The practice of auditing compounds the preceding paradox. Although the AICPA has recently restated the accountant's responsibility to uncover material frauds, it is a belated response to what has long been the perception of an auditor's work by the general public. To the nonaccountant, the nature of auditing seems to imply that the financial data has beenverified and that they are free of fraudulent transactions.

All of the preceding brings me to the final paradox--the education of accountants. Accounting is a broad, diverse, unique field. Contrary to law, medicine, or engineering, a broad sector of accounting is responsible to the public rather than a client or a patient. That public trust is a franchise given by the Congress in 1933 and could be taken away by the them. On the other hand, a person doesn't even need a college degree to practice accounting, at least at the bookkeeping level, although today, knowledge of the computer would be essential. Nor is a professional certification to practice applied accounting theory needed at its highest levels. I had the privilege of working for three chairmen of General Motors--Frederic Donner, Thomas Murphy, and Roger Smith--who received their undergraduate degrees in accounting but were not CPAs, having spent their entire careers with General Motors. However, all were outstanding accountants. Even in the public sector of the field, those in the taxation area can practice without a CPA designation, although a JD would probably be helpful. The same is true in the greatest growth sector--consulting.

How do we educate all of these accountants? Brigham Young University, as a part of the initial study group
for the "150-hour program" funded by the AICPA has developed a five-year masters program containing six basic competencies which I believe meet the future needs of the profession.

The six groups are communication skills; information development; decision making skills; knowledge of accounting, auditing, and tax; leadership development; and professionalism.

I believe a program of that type would meet the needs of public accounting, consulting, taxation, and those who choose to practice at a high level within business. I would only
add that we should continue to meet the demand from undergraduate accountants for those who don't choose or aren't able to move on to an advanced degree.

We all agree that we don't want narrow, numeric-oriented, rigid accountants, but our education system is forced to teach rules at the expense of general theory and judgment. I regularly stun my masters-in-accounting class in theory when I tell them at the start of the term that I will ask questions for which there are no correct answers, only pointsof- view, e.g., historic cost versus current value.

A Possible Solution

While I don't have answers to solving these paradoxes, I do have some opinions as to what might help. First of all, we should keep in mind that we have the SEC and rules because of fraud. The gigantic swindle perpetrated by Otto Krueger, the "Swedish Match King," in the late 1920s is generally cited as leading to the formation of the SEC and the beginning of the formal establishment of accounting standards. Each subsequent major fraud results in a surge of interest by Congress for more controls. Furthermore, we have auditing standards because of fraud, also. The shock resulting from discovery of the vast McKesson-Robbins fraud in the late 1930s resulted in the SEC "urging" the AICPA to set standards as to what constituted an adequate audit. We should also keep in mind that rules cannot prevent frauds although we seem to think they will. Only good internal control systems coupled with competent audits can curtail (but never stop) frauds.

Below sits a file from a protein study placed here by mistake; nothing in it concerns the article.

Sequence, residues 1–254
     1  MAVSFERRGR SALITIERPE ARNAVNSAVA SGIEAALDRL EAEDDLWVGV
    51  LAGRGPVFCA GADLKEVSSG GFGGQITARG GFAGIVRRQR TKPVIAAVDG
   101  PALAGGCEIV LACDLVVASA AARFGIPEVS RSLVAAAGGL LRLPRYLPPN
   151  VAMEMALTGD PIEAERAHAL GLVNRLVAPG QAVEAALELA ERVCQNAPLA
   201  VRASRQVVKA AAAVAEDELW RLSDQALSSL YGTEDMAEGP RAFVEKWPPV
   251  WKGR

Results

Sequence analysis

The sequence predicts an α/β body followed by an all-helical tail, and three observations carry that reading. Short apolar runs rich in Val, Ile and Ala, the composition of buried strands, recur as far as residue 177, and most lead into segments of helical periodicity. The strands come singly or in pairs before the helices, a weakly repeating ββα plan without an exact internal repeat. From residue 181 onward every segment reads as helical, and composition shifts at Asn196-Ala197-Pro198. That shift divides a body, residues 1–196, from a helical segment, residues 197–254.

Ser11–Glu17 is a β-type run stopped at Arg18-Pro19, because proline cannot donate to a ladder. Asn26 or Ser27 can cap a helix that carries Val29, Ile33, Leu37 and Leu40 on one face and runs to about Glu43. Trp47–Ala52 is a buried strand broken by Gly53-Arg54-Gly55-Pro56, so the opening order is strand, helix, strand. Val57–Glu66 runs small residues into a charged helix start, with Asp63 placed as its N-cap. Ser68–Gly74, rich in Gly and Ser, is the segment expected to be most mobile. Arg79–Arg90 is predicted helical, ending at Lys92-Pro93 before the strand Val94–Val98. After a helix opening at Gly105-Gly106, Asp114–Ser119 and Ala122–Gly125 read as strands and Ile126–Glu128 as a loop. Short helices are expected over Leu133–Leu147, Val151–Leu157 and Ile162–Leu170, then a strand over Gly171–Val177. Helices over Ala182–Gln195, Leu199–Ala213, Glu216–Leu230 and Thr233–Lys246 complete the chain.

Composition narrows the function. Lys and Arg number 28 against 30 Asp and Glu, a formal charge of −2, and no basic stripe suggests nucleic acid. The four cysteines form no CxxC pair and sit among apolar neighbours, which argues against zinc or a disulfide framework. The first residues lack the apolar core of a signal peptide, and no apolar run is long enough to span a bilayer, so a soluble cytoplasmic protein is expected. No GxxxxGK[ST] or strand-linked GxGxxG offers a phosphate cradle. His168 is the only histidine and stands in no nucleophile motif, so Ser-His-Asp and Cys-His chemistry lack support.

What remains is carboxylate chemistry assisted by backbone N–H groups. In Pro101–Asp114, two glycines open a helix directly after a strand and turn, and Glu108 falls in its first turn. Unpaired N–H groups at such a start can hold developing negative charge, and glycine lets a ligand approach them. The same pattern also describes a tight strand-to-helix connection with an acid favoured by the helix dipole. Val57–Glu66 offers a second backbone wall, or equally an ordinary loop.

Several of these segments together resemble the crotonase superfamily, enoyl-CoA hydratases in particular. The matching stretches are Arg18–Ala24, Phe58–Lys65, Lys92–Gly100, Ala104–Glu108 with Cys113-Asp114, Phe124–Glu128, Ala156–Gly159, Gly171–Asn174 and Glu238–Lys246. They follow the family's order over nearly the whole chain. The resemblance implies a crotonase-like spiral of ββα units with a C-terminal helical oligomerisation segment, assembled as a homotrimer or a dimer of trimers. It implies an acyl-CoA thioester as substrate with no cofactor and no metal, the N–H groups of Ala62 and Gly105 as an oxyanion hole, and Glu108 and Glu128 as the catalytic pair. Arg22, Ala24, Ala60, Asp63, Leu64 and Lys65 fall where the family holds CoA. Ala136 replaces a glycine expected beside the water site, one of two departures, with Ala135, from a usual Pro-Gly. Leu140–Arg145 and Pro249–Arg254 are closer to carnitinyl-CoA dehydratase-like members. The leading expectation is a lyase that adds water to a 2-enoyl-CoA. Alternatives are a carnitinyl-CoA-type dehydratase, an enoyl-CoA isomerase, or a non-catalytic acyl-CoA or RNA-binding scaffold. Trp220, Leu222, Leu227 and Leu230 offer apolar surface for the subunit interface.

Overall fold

What can be done to strengthen the internal control system then? First of all, the SEC should do everything in its considerable powers to strengthen the hand of both the internal auditor as well as the public accountant. For one thing, they should mandate that all companies that file with the SEC have independent audit committees of the board of directors and that the internal audit staff head report to that committee. In addition, both the public accountant and the internal auditor should attend all meetings of the committee. Another step would be to have all changes in public accountants be approved by the Chief Accountant individually, not by a Form 8K.

Finally, we should keep Goethe's thoughts in mind as we establish new accounting rules. Accounting's roots are in transaction-based data which, although there are many subjective decisions involved in analyzing the data, gives owners, managers, and investors reasonably reliable information for use in their decision-making process. We should also remember that the most significant factors involved in an investment deal not with the financial data but with such things as new product/services development, competency of management, macro-economics, and government policy. Broad-based accountants can become CEOs, and CFOs and assist in all phases of business. But they should keep in mind the discipline of their field. Regulators too should keep that in mind and avoid attempting to make financial reporting a value-based system subject to abuse. *